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Children & the Census



What is The Census?

The Decennial Census happens every ten years. The Constitution requires that every person in the United States is counted—adults, children and babies, citizens, or immigrants. Census Day is every decennial year on April 1.

The Decennial Census is the only time we count everyone. The Census Bureau takes many surveys of people throughout the decade, but those are samples. They use population estimates based on the Decennial Census to decide how many people to sample from each community, so if we get the Decennial Census wrong, every census survey for the next decade is also distorted.

What are common challenges with the census?

The number of young children that are not represented in the Decennial Census has been increasing steadily for 40 years, even as the number of adults counted has become more accurate. The problem is worse in larger counties and for children of color.

Some young children are not counted because they live in households that do not submit a census form. Many young children are not counted because their families respond to the census form but do not include the child. Some adults may not realize that babies, toddlers and young children should be included on the census form.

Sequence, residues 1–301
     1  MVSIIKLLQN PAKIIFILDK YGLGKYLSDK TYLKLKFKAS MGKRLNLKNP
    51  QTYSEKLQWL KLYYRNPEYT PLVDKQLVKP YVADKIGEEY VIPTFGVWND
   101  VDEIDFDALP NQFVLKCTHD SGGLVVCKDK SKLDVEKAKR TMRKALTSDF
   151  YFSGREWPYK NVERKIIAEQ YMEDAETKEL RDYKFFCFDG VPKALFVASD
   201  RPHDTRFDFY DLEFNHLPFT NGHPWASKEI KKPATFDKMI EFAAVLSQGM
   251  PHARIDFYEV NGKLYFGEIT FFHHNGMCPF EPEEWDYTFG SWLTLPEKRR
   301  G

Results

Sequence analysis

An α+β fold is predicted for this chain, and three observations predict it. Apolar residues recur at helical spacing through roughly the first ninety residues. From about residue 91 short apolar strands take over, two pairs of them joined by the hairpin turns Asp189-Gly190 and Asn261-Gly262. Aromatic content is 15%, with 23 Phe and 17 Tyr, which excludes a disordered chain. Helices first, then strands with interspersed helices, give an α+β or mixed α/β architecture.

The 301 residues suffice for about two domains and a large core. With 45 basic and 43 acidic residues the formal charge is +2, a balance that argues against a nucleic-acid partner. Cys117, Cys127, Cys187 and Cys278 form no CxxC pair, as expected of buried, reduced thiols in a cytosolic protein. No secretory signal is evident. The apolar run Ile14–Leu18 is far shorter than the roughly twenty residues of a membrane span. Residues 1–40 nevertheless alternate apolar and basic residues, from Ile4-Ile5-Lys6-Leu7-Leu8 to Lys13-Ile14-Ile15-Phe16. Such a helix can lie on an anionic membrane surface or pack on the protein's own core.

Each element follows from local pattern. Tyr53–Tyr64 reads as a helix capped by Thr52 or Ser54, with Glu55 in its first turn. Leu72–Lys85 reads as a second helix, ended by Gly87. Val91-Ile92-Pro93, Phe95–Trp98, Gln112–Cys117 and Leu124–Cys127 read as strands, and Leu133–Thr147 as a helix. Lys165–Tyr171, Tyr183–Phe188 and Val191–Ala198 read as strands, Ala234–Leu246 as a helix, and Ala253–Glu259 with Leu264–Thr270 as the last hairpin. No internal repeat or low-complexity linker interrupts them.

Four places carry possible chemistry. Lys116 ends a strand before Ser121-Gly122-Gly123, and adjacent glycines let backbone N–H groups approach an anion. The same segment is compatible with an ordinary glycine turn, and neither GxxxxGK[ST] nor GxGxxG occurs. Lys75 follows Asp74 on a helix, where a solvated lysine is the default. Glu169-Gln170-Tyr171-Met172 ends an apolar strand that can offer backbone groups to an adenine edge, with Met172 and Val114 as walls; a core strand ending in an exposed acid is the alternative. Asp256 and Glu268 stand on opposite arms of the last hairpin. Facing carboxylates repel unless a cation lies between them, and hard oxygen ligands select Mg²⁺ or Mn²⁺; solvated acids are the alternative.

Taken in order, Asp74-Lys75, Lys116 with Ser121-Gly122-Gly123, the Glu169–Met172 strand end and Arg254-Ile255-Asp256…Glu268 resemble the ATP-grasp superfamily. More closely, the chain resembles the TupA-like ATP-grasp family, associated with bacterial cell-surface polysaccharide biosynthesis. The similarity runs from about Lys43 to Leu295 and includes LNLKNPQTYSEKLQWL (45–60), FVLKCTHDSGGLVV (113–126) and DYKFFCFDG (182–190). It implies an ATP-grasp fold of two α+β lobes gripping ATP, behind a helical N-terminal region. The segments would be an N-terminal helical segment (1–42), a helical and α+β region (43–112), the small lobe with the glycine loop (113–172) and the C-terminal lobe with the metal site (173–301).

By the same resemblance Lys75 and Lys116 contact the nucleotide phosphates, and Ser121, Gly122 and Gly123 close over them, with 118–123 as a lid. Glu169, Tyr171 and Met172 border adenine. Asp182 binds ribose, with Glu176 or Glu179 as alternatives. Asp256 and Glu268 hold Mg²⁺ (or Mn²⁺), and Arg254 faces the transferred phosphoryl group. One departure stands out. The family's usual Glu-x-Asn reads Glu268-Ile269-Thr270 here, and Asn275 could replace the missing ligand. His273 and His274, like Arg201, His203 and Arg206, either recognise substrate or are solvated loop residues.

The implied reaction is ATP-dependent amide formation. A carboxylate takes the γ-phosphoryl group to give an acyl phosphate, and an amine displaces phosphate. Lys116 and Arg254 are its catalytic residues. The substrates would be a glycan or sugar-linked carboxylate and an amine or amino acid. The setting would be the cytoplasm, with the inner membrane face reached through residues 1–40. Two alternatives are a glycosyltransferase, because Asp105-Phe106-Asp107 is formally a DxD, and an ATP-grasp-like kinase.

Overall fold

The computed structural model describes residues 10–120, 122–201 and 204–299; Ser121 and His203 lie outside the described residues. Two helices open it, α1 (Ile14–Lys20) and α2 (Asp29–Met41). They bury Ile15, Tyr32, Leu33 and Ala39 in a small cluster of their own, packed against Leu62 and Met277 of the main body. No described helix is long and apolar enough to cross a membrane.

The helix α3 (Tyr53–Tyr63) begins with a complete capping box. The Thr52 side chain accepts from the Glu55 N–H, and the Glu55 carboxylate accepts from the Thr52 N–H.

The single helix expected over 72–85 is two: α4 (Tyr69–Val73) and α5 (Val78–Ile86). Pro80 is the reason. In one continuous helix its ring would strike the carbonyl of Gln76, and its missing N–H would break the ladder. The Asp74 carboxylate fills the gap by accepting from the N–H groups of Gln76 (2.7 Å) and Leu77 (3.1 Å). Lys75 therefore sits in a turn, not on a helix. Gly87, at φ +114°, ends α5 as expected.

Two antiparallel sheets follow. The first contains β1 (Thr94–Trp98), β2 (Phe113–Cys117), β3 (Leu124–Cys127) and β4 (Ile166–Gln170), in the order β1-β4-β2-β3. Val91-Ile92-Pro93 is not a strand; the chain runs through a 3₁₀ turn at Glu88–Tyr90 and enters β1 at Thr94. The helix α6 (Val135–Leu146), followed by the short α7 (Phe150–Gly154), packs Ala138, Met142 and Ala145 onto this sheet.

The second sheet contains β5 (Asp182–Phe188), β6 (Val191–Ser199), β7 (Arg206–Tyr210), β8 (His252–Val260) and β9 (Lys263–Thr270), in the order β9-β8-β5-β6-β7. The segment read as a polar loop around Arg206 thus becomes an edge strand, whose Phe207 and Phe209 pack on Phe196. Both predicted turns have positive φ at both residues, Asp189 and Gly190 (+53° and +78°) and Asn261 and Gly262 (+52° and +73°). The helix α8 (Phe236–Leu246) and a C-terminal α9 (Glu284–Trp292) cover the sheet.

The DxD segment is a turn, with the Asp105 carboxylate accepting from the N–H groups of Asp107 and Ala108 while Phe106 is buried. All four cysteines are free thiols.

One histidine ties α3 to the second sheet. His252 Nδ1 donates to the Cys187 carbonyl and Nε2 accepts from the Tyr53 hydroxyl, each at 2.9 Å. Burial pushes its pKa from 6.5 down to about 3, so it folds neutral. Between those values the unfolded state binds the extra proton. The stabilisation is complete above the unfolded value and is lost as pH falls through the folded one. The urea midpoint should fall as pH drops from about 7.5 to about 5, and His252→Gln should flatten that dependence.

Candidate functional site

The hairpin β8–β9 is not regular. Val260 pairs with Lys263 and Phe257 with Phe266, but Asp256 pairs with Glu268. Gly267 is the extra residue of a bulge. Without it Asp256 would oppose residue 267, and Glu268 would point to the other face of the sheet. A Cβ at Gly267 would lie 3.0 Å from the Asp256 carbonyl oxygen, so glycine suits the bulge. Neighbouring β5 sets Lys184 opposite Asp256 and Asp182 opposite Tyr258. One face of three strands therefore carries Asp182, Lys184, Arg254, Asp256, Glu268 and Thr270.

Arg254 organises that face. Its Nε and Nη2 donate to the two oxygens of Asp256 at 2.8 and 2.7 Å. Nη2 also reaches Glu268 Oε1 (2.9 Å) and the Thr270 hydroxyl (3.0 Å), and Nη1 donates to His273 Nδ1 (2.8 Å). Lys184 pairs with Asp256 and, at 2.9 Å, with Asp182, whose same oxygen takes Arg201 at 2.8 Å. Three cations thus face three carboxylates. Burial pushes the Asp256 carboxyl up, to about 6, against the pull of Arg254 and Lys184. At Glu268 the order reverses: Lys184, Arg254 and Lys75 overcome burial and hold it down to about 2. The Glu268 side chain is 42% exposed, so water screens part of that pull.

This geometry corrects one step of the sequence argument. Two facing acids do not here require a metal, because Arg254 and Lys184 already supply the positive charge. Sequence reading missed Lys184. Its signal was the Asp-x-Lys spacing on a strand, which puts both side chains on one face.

When we surveyed families with young children in 2019, one in ten –10%– said they would not include their young child on the census form and another 8% said they were uncertain if they would include their young child on the census form. 


Children are more likely to
not be included on a census form if:

They live in large and complex households.
They live with single parents or young parents between the ages of 18-29.
They are not the biological or adopted child of the householder.
They live in families that do not speak English (or immigrant households).
They live in families that earn lower incomes.
They live in a household that rents or a multiunit household.
They live in a Black or Hispanic household.

in the census?

 Census data is used to allocate one and a half trillion dollars every year, by formula, resulting in serious consequences if inaccurate data is used.

Get Prepared For the next census

By acting together, we can help ensure children are accurately represented in the future Decennial Census.